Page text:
After years of gleefully haranguing the Brownback administration about Kansas trailing the national average on job growth, the media no longer seem to care.

The Bureau of Labor Statistics September 2018 results show Kansas private sector employment growing by just 1.7 percent since July 2017, while employment nationally grew by 2.3 percent.  Kansas was 28 percent below the national average over that period, but the Google machine didn’t produce a single story about that sub-standard performance.

Only caring about an issue when it can be used as a cudgel to support one’s political viewpoint is another form of bias, and the media are not the only culprit.

Many politicians have used a heavy dose of circular logic to blame weak job growth on tax cuts, and now that they’ve gotten their wish (the largest tax hike in state history), they avoid the truth like a foreign object in the punch bowl.  Heaven forbid someone ask if tax increases might have a negative impact on the economy (duh).

Listening to media and the many politicians who lobbied for tax increases, one might think trailing the national average on job growth began under Governor Sam Brownback.  It’s sadly ironic that the media and so many tax-and-spend politicians long for the ‘good old days’ of governors Carlin, Hayden, Finney, Graves and Sebelius given that they launched and oversaw Kansas’ current four-decade period of economic stagnation.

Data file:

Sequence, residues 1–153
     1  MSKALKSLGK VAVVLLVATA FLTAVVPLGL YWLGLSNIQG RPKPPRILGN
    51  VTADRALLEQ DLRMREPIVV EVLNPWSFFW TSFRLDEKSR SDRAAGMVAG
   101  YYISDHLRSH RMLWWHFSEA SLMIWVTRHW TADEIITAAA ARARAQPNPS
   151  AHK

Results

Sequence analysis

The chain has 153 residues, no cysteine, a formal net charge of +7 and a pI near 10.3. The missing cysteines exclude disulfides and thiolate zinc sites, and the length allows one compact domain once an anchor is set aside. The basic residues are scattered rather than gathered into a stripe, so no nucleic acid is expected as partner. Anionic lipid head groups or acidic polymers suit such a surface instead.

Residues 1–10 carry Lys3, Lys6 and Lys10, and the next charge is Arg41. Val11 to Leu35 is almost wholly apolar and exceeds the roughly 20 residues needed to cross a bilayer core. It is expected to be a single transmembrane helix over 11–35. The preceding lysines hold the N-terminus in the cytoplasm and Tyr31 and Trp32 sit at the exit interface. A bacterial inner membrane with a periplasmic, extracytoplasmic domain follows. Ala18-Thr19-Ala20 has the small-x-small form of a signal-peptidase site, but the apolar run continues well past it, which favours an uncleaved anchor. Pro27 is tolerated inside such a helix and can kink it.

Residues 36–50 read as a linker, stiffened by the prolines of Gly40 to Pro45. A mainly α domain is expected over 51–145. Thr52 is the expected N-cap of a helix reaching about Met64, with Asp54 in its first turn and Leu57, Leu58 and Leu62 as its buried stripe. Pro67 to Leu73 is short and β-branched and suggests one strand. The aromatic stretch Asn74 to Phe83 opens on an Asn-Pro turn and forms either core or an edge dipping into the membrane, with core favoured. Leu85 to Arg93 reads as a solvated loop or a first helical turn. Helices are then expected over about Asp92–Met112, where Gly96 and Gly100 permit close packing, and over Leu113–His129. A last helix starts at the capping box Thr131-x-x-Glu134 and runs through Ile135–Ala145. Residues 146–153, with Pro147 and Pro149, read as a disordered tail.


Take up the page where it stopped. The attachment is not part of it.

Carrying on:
Between 1979 and 2017, average annual private sector employment in Kansas grew by 61 percent while private employment nationally grew by 85 percent.  Bureau of Economic Analysis data are used for this comparison because, unlike BLS, this information includes proprietors in employment totals.

Kansas is also far behind the nation in private sector GDP growth, growing at 496 percent versus the national average of 680 percent.  Like the pattern for job growth, the gap between Kansas and the nation has grown over time.

Perhaps not coincidentally, those gaps noticeably widened around the same time state spending (and tax collections) exploded in the late 1990s.  After brief pullbacks during recessions, the 2017 retroactive tax increase boosted spending to $7.1 billion this year; had spending just increased for inflation since 1995, spending would have been just $5.3 billion.  Kansas Policy Institute shared an estimate by Kansas Legislative Research, showing school funding increases will push spending to $8.6 billion over the next four years, setting up billions in budget shortfalls.

Despite this information, many politicians carefully avoid the subject with bromides (‘I think we can do this without a tax increase’) because dealing with reality forces them to show their cards. Options like making government efficient upsets special-interest groups and the alternative – tax increases – enrages citizens.

Tiptoeing around the punch bowl is the politically expedient thing to do.  And media are only too happy to help. Talk of efficient government to avoid tax hikes and promote job growth runs counter to their preferred narrative.

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